The Beautiful Pretender: A Medieval Fairy Tale by Melanie Dickerson is a story written in the tried and tested theme of Pride and Prejudice, but it does not replicate the entire plot. Margrave of Thornbeck, Reinhart Stolten, has been suggested by the King to find a suitable bride for himself. Reluctantly, Reinhart arranges for the noble ladies to stay in his castle for a time span of two weeks. The idea is to observe their activities before deciding which one to marry. His invitation is sent to many prestigious earls. The Earl of Plimmwald receives the invitation for his daughter, Lady Dorothea. She is in love with one of the knights and does not wish to marry someone for the sake of gaining power. On being forced by the Earl, she runs off with the knight. Her father, to hide the shame and to avoid upsetting the Margrave, disguises a maidservant, Avelina, as his daughter and orders her to go to the Thornbeck as Lady Dorothea. However, there are two conditions, which she must keep to avoid the rage of the Earl:1. She must not offend the Margrave.
2. Margrave must not choose her to be his wife.
In the world of prejudice, the idea of a maid marrying a man of importance has always been bizarre. Add the politics of kings and queens to this equation, and you have got yourself a recipe for disaster and amusement at the same time. Reading the gradual development of affection between a Margrave and a maidservant has been a real treat. The lavish lifestyle of the royalties is written in a very detailed manner, which may feel any heart with greed and temptation. However, the author has also spent enough ink to describe the restrictions that come with the wealth. This combination makes the story more believable. The twists and surprises would leave the readers turning the pages to find the answers to an ocean of questions. The author does not disappoint in helping the readers to connect the dots. I skipped food to find how Margrave will react when the truth of the maid comes out; this is the beauty of Melanie’s elegant writing.
The story flows flawlessly from one event to the next. The joyous balls and lunches gradually shift to acts of conspiracies, treachery, and hard choices. There was no abrupt bump in the plot, and yet, the surprises kept coming the way of the readers. The second part of the story is slow for my taste. I would have like it to be cut short a bit, but I think, the author has done it to make the events more believable.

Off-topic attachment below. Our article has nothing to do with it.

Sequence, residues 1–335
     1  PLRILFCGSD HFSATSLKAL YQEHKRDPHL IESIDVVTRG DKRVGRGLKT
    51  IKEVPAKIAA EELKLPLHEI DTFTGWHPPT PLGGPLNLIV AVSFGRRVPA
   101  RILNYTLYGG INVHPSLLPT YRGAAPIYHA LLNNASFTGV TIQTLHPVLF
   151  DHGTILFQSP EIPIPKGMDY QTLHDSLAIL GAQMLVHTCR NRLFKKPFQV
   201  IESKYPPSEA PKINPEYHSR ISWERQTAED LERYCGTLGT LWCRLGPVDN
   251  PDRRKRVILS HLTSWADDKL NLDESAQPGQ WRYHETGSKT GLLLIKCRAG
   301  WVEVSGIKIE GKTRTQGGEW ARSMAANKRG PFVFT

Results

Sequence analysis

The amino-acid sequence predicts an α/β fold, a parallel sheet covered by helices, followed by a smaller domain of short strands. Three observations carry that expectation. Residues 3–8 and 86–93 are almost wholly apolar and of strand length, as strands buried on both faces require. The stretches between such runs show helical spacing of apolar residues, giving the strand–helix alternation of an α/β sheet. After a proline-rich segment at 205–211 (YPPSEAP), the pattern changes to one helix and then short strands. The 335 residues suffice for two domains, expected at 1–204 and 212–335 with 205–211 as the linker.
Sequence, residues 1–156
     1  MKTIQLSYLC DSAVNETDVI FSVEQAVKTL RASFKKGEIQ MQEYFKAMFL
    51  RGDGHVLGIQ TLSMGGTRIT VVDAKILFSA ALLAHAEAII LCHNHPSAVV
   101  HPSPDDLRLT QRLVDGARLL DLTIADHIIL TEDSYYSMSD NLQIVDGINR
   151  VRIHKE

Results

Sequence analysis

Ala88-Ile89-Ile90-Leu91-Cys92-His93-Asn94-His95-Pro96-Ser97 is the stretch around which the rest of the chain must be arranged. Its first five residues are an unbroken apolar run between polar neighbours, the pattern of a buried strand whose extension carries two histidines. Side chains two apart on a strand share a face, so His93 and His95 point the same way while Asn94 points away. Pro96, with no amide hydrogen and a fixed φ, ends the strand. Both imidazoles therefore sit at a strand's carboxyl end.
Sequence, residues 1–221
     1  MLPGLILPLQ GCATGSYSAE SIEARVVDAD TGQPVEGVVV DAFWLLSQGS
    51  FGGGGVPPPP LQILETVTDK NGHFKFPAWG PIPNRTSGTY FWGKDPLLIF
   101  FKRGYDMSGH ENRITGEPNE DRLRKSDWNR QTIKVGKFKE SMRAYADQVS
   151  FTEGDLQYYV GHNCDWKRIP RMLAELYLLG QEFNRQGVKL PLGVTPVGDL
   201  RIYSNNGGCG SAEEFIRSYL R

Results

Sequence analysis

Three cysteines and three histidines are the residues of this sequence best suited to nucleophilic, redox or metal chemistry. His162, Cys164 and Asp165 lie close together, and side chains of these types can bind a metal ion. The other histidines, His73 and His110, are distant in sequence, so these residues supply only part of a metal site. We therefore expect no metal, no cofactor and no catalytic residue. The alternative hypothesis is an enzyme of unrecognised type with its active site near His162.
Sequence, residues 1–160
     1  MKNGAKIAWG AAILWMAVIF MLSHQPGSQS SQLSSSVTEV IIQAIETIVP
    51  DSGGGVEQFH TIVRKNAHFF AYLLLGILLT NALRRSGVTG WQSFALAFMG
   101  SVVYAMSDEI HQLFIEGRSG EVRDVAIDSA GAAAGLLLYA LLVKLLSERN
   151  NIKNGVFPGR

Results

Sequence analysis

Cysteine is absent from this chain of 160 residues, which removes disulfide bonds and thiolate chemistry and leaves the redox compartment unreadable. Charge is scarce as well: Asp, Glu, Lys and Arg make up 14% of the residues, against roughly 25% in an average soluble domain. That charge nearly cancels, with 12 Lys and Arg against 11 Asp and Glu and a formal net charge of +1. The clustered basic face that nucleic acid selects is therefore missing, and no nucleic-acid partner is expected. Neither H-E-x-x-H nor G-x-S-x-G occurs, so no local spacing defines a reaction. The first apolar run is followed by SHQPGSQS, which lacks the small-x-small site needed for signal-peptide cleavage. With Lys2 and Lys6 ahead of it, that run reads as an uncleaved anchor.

The characters are colorful and believable. Most of the noble ladies are pompous and arrogant, servants are humble and afraid of their masters, and the Earls are full of selfishness. My favorite character is Avelina. She has not been portrayed as a lady in distress, which is a relief. She does not wait for a man to save her; on the contrary, when the need arises, she takes charge.Being brought up as a servant, she has the obvious fear of her masters, but that does not prevent her from speaking her mind. Even the women of this generation can learn something from her. Each character is written with perfection.
This is not just another work of fiction around royalties; instead, it consists of many pearls of wisdom. Through the dialogues of a noble woman, the author embeds the point that each woman should consider herself worthy of respect. One’s profession cannot be the criteria of how many respect they are entitled to have. Of course, the basic point of eliminating the prejudice has been a highlight of the book. She established very gracefully the well-known fact that love sees no boundaries.
I would recommend this book to the readers who like reading about the royal stories in which love conquers it all. The twists and turns would leave the readers gasping for air, and there is hardly any moment of boredom in this book. The second part, as I said, goes a little slow.
I would rate the book 4 out of 5 stars.
P.S.I have received this book from BooklookBloggers.com in exchange for an honest review.